In terms of labour relations, Belgian dockworkers happened to be a very flexible, multi-activity population, so that any of them facing physical burdens could be shifted to a less tiring task based on the system of black and red tickets and a kind of passport internal to the port. This did not avoid the existence of labour unions in Antwerp, of which a Christian one. In France the situation was catastrophic, as dockworkers were the masters of the game, almighty in their decisions, able to assemble the whole population of the docks rapidly to strike and block port operations, inside or outside port areas. The political world did not much react to such a state of affairs, so one could even talk about the sacrifice of France’s past glorious maritime activity. Shipping lines soon started to shift their activity to Antwerp to avoid cost and time (almost a black-out) and despite a much more favourable transit time in Le Havre port to access the European market, as it took one more sailing day to reach Antwerp or Rotterdam, and it is still the case nowadays. Also, Le Havre did not have sufficient water draught to welcome the new large ships.

Last but not least, the team of Furnes Shipping was composed of 10-12 managers with lots of contacts abroad. France then did barely speak English, or too little, so that the French port community could not compete in terms of norms, impacts, knowledge, of the global maritime world. In 1967 already, strong interests for containerization were felt in Antwerp. This process had been slow and fast at the same time. A “container family” was then emerging, connecting even more shipping lines with shippers and forwarders. Another problem in France had been the transport contract complexity. Shipping lines were approaching importers to make them sign routing orders, and already could select their ports of call based on their own requirements. On certain routes it was not so easy to organize the transport chain. For instance with French Guyana, exporters with about 300 kilograms of cargo should be consolidated with others before being stuffed in containers on the same voyage, which modified the whole shipping culture. Dates of departure and arrival were fixed, with about 8 days to prepare one voyage, notwithstanding issues related to customs, etc. On these aspects, the port of Rouen was the first one in France to create a single shipping document (Ordre de Mouvement), and then followed by Dunkirk and other ports. It was absurd to have a growing efficiency on the sea leg and to loose so much time inland for delivery and pick up. But Antwerp long ago already adopted simplified administrative procedures. Still, it was relatively frequent to see in Antwerp containers coming from Marseilles by train for being exported to the rest of the world. The problem of French freight forwarders was the impossibility to offer a round trip with full containers, compared with the Belgian forwarders, so that their prices were far more competitive.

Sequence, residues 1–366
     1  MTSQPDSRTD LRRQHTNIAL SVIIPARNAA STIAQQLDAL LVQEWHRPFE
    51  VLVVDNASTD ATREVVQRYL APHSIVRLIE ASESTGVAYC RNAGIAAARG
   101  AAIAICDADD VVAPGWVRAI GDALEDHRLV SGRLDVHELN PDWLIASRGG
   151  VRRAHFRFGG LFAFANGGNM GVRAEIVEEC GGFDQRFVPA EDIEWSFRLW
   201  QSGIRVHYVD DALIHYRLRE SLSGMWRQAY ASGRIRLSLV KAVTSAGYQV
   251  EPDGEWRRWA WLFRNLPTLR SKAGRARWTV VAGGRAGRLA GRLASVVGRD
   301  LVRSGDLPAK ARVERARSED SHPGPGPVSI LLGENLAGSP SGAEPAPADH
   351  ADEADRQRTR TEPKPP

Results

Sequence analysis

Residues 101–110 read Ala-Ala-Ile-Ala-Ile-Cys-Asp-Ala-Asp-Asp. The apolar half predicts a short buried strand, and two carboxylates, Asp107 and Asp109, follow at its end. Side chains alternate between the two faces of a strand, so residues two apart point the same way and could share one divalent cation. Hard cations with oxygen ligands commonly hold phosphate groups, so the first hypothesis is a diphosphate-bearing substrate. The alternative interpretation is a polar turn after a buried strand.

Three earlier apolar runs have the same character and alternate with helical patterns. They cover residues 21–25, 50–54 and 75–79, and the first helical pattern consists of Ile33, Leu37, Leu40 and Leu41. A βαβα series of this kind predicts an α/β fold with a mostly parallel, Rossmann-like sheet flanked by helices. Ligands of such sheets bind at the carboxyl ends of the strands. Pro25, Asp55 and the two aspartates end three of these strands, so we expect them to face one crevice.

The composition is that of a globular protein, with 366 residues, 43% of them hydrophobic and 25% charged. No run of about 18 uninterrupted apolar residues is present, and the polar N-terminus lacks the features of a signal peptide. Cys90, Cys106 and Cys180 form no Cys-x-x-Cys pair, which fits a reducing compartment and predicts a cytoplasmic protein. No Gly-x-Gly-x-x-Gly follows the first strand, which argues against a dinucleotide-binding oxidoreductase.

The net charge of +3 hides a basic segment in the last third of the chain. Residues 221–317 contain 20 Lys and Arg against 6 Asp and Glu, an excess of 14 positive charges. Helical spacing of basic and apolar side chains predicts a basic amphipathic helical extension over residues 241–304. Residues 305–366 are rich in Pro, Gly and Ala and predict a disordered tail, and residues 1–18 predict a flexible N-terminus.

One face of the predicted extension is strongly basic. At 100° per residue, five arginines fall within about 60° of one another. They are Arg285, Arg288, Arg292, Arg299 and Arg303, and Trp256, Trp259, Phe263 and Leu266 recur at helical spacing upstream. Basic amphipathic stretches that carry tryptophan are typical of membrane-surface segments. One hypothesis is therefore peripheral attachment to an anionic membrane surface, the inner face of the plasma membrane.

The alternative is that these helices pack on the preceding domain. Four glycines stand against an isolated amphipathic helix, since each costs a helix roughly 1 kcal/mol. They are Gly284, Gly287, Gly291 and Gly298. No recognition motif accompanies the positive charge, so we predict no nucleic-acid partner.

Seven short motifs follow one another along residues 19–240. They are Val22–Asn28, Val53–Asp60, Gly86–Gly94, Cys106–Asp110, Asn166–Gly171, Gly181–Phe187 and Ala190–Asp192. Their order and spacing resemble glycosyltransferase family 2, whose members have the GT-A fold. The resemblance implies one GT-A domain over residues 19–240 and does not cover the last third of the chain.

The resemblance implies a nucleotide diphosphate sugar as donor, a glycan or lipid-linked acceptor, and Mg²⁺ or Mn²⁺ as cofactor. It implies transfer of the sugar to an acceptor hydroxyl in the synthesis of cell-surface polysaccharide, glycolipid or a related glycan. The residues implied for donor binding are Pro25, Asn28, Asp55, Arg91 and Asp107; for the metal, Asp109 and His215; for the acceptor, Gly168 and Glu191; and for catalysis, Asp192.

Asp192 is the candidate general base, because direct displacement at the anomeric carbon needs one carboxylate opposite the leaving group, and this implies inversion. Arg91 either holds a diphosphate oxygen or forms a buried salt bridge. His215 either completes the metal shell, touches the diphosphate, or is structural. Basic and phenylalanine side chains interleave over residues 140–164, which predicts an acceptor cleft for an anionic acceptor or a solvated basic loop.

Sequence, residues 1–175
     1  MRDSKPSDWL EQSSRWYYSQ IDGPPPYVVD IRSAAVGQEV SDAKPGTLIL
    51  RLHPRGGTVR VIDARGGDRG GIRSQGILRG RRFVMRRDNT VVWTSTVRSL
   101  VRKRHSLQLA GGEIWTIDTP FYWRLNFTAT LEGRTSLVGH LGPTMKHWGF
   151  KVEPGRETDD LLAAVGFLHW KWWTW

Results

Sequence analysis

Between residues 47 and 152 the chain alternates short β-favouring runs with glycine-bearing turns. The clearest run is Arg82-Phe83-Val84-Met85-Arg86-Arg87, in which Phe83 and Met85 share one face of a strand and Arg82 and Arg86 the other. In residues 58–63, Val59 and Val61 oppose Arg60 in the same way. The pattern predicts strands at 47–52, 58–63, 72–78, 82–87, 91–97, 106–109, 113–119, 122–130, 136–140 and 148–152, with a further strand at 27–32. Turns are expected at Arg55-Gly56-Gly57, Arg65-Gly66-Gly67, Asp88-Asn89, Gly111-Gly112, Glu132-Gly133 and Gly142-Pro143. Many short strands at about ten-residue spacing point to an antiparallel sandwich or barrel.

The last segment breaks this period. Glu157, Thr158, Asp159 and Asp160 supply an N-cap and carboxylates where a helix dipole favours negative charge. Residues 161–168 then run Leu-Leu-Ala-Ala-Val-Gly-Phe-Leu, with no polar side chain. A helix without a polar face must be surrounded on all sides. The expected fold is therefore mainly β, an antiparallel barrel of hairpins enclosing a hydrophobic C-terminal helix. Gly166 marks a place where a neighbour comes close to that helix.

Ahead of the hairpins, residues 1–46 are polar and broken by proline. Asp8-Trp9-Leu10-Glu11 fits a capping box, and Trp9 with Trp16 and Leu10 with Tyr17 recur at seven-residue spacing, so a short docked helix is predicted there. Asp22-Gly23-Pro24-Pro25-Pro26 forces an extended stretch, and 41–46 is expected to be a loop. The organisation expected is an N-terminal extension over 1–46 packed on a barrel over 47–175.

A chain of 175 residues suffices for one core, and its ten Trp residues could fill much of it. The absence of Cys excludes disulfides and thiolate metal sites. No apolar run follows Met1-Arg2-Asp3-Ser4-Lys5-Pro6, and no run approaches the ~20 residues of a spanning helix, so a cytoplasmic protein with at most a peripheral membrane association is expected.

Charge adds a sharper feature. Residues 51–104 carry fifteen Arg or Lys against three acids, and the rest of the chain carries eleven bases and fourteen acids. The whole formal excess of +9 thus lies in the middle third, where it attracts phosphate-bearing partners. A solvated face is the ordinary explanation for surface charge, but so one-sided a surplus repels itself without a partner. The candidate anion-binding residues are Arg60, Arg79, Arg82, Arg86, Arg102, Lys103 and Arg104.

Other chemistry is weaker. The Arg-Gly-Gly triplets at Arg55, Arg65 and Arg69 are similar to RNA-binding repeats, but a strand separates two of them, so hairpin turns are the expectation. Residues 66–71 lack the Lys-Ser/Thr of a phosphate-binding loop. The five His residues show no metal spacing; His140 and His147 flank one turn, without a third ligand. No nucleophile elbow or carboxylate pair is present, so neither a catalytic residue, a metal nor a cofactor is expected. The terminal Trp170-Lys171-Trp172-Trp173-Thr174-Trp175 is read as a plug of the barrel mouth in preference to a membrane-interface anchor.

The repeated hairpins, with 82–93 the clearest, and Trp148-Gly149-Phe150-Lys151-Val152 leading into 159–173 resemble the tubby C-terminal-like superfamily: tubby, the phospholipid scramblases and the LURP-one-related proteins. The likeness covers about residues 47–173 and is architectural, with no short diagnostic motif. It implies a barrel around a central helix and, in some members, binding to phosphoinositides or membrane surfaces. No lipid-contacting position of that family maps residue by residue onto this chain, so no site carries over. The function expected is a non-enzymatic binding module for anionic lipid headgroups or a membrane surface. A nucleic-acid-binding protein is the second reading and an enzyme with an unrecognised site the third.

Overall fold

As a result, Mr. Jean Wauters one day told me that when foreign companies needed efficient port agents, because we are a renowned company and attract many lines for their representation, due to our outstanding reputation and know-how, we are the ones to recommend them which company in France they should contact for their business. Antwerp was (and is still) not only a main port for French trade but the focal point for many decisions regarding French logistics in general, due to its pivotal intermediary role with the outside world. According to Mr. Jean Wauters, “you in France to only micro-economy, but we in Antwerp have contacts with the whole world, we are recognized”. Conversely, the French Chamber of Commerce and the Port of Le Havre often asked me contacts in Belgium and Holland due my ties with Furnes and the port community there.